“We had these goggles with high-powered LEDS in the lenses, that were made between the prop guys and the visual-effects folks, that actually lit up on the set,” Green tells us. “Of course, they were enhanced in post-production. But it created the effect on the set sufficiently for the whole thing to work.”
Enlisting the La-based Hydraulx VFX team, run by brothers Greg and Colin Strause, who created Take Shelter’s apocalyptic nightmares, Nichols also consulted ‘world builder’ Alex Mcdowell, a new media artist who, among other things, helped conceptualise the world of Minority Report. Their work helps take the film into its overtly fantastical final act, albeit with effects that respect the naturalism of Nichols’ original intent. “There were certainly moments
when the actors had to react to things that weren’t there,” says Green. “But we were in practical locations, so everything else was there. The ground under their feet was there, the thing they had to possibly escape into — that was all real. It was a good, straightforward mix.”
“I NEVER KNOW HOW MY MOVIES ARE GOING TO DO”
Nichols seems very relaxed for a man facing potentially the biggest box-office hit of his career, a movie which you would imagine other directors anxiously treating as their big studio calling card. Indeed, rather than holding out for any offers to come his way, Nichols has already shot and wrapped his next film, Loving, the story of a mixed-race couple (Edgerton and Ruth Negga) who challenged the racist laws of Virginia in the 1950s by getting married. In contrast to its predecessor, it is defiantly non-mainstream. “It’s not a big career plan,” says Green, who doesn’t rule out a return to studio work, “we just work on a case-by-case basis.”
Nichols says he never knows how his movies are going to perform. “With Take Shelter, I was anxious about the world and anxious about the film. I just kept waiting for the bad reviews. Luckily not too many came. But Mud did great. It made money. Real people liked that movie, not just the film Illuminati, and for whatever reason, they keep talking about it.”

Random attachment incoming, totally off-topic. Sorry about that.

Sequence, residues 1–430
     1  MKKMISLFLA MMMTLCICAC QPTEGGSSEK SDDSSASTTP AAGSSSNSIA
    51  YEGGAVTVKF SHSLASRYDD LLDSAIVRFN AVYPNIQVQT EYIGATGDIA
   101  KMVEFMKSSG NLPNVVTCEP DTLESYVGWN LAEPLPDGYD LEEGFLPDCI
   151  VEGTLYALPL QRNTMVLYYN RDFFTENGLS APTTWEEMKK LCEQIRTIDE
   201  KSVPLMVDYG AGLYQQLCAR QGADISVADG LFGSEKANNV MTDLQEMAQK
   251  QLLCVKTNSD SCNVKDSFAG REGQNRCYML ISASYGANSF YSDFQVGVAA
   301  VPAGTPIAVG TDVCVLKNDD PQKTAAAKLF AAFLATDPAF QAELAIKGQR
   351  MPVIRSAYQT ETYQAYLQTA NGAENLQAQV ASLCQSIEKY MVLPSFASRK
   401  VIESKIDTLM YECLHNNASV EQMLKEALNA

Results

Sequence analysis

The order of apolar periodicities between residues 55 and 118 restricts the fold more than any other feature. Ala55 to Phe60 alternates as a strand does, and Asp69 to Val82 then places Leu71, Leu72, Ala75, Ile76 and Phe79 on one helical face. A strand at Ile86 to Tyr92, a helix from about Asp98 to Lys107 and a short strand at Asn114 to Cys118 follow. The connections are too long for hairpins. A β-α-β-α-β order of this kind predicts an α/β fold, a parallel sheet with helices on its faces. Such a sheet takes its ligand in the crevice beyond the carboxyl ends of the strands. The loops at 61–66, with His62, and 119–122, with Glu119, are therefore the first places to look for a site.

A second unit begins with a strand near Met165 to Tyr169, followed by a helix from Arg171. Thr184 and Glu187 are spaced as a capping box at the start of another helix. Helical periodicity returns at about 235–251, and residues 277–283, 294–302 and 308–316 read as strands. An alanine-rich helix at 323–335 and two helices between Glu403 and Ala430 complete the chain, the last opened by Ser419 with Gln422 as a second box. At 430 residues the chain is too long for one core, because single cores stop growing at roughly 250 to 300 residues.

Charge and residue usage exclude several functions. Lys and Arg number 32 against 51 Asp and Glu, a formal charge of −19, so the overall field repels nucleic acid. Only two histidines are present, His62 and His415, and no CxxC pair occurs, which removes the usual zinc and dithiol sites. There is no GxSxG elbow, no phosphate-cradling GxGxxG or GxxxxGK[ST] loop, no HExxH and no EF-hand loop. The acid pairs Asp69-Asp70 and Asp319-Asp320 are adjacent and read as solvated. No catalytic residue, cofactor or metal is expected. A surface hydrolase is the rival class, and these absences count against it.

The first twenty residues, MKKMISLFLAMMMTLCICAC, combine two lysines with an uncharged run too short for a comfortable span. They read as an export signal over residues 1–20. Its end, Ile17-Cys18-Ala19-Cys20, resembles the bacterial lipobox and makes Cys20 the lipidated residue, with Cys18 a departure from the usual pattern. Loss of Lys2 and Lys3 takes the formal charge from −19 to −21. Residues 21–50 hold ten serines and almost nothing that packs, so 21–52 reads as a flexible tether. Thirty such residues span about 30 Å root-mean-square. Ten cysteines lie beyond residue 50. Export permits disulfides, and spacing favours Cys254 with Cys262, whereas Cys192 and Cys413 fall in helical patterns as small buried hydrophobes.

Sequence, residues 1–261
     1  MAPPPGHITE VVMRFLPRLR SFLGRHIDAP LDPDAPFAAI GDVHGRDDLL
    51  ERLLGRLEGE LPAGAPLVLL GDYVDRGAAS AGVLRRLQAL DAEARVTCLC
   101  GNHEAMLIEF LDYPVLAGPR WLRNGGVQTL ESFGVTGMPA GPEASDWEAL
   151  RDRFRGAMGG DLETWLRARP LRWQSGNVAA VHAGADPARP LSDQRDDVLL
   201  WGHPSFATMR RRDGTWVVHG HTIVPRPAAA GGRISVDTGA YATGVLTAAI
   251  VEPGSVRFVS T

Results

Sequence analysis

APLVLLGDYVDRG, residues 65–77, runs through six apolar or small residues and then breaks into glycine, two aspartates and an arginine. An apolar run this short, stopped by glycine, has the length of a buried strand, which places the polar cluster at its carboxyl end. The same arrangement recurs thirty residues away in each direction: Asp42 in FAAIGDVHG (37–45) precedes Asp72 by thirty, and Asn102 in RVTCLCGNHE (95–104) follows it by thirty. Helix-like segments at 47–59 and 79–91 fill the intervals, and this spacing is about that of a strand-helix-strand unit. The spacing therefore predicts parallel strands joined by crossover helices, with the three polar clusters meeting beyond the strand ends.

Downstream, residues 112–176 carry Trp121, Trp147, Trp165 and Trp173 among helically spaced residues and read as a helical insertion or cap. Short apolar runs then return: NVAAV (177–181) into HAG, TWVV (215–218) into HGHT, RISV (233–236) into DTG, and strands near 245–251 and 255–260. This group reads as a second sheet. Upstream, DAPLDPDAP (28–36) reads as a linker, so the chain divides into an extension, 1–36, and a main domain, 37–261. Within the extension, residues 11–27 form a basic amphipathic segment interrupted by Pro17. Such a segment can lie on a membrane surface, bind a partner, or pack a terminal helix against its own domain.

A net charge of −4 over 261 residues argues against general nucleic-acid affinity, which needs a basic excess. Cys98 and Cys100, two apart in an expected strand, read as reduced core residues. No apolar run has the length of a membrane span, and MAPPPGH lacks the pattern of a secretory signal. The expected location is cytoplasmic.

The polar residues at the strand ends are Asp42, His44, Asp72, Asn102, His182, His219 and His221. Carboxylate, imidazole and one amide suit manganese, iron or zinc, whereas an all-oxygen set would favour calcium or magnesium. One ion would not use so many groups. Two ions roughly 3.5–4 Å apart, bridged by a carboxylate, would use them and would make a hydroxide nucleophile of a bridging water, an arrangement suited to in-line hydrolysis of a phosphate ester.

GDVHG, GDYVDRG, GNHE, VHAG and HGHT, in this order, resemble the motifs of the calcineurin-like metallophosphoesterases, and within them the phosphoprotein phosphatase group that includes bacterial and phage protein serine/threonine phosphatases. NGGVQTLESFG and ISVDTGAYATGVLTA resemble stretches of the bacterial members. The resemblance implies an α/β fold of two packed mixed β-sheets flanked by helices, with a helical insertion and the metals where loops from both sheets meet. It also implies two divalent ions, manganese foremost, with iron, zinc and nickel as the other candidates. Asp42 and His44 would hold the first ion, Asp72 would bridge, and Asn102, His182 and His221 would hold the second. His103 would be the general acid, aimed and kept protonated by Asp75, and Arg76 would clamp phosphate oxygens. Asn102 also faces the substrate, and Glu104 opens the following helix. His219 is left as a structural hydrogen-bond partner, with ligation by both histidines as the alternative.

Regardless, he’s proud of Midnight Special. Despite the extent of his ambition and the size of his budget — not to mention the involvement of a major studio — he stuck to his resolve and didn’t compromise.
“They do these screenings — they call ’em ‘friends and family screenings’ — at the studio, where you try to get some feedback,” he says, “but it’s kind of insulated to the community at Warner Bros.. I saw a note card from one and it said, ‘I can’t believe Warner Bros. is making this film.’ I think they mean it as a compliment! But they’ve been great, man. They let us do our thing and supported us every step of the way. So if people don’t like the movie — which is entirely possible — they’re not likin’ a Jeff Nichols film. It’s not because of some weird outside influence.”
He laughs. “That’s the footing I wanna be on.”
MIDNIGHT SPECIAL IS OUT ON APRIL 8 AND WILL BE REVIEWED IN THE NEXT ISSUE.
Michael Shannon’s Roy with his superpowered son Alton (Jaeden Lieberher).
Top: Jeff Nichols on location, directing Joel Edgerton and Shannon. Above: Adam Driver’s Sevier and Edgerton’s Lucas. Right: Great power comes with great stress for Alton.
Clockwise from top left: Alton with his goggles; Unleashing his superpowers; With on-screen parents Shannon and Kirsten Dunst.